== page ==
There is something comforting in reading a book for the second time. Even if some time has passed, was you resubmit yourself into the waters and get used to the temperature, the memories come flooding back, and you live them all over again. It may seem a little cliche, but this was the book that I stumbled upon in high school that made me realize that reading could also be enjoyable. Upon completing Fight Club, in those pre-Amazon days, I ran out to Barnes And Noble and swooped up his other book at that point, Survivor. Since then, I’ve been a Chuck Loyalist through and through, ups and down down downs.
I only read Fight Club one previous time, and around twenty years have passed since then. I’ve probably seen the movie five or six times in those years, so all my fresh memories of the story are more diluted towards that end of the spectrum. That being said, I feel like this is one of the best Book-to-Film translations that I of. The source material that Chuck lays out is made for live-action. The melting between the two still provides plenty to be experienced in these pages, though.
In recent efforts from Mr. Palahniuk, his “Chuckisms” are distractibly loud and obnoxious. He over researches a topic you wouldn’t even think of, and vomits his knowledge at you, drowning you in facts. Here though, they seem to span entire chapters yet don’t sit heavy on the reader and are actually fun to read. That is something that I kept thinking to myself while passing effortlessly through these pages again, just at how much fun I was reading. I knew exactly where the pacing was leading, just how unraveled this ball of yarn would get and the mess it would spill into. Insomnia leads to an overly ambitious spout of split personality disorder, which leads to a mild case of world domination. There is also a love story somewhere in there, but the mind flips towards the end of the book kind of hides everything in a hazy hue of sleep depravity. This twist changes everything you thought you were reading into a completely different story. The hints you didn’t know you were looking for shine a little brighter, and it’s another book altogether.
I’ll say it again, Fight Club is best described as fun. I must admit it has a gathered a twinge of cringe through the cult following this book amassed. For me, the most cringeful thing that could happen is picking up this book and not exploring anything else from the Palahniuk collection. He has grown for better and for worse since these early years. I will be forever thankful for this novel, as well as the “similar author” tree I’ve climbed since first mispronouncing the last name Palahniuk.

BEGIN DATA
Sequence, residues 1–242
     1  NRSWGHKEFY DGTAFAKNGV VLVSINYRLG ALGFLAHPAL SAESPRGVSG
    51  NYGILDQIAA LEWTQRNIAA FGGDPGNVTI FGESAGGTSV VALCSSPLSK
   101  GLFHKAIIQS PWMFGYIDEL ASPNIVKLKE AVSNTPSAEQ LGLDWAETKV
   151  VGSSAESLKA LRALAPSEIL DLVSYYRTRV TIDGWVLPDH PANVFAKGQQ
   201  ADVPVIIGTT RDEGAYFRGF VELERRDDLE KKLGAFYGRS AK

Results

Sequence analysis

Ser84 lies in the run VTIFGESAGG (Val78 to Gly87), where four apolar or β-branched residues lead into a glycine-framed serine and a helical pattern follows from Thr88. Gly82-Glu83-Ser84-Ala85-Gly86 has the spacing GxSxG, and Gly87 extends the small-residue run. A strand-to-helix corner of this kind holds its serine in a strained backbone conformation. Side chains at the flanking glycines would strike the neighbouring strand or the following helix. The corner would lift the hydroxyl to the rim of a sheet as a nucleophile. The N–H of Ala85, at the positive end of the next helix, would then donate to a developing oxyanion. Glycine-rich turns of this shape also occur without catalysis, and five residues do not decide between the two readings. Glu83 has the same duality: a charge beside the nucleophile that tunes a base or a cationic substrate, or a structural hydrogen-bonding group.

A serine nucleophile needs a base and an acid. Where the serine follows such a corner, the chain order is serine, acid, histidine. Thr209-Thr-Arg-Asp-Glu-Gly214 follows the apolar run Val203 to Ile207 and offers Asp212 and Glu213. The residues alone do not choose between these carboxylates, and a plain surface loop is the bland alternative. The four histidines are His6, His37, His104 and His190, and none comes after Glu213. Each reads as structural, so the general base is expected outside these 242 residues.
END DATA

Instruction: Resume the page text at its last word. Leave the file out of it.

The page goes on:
Analysis from a wallflower without a wall:
Here’s the Chuck I know and love!! After our previous read, it was wonderful to immediately jump back into a story I trusted. This book is brilliant! I don’t understand how someone could read it and not become an instant fan. What I love about the way Palahniuk writes is how truly guttural it all feels. His stories come from the back dusty corners of a troublingly brilliant mind, and they are brought into the light slowly and piece by piece. You never know what part will be revealed next and when and if you’ve even seen it all.
I loathe and love each character he has created in this book. I want to hug and mother them all while at the same time wouldn’t mind watching their demise. What I find interesting is that more than anything, I want them to shower. The way he writes his characters brings in all five senses from the page. I feel like I can smell the stale cigarettes and dried sweat. I love that he has that ability.
The movie is in my top five, and so I watch it once or twice a year. I feel the adaptation was about as close to spot on as possible. The vibe and grime translated from the page perfectly and the characters you had so intimately connected with felt tangible without losing their appeal.
I’ll never stop reading whatever he is putting out though his more recent works have been less enchanting. Chuck Palahniuk has a gift. I appreciate him sharing it with me.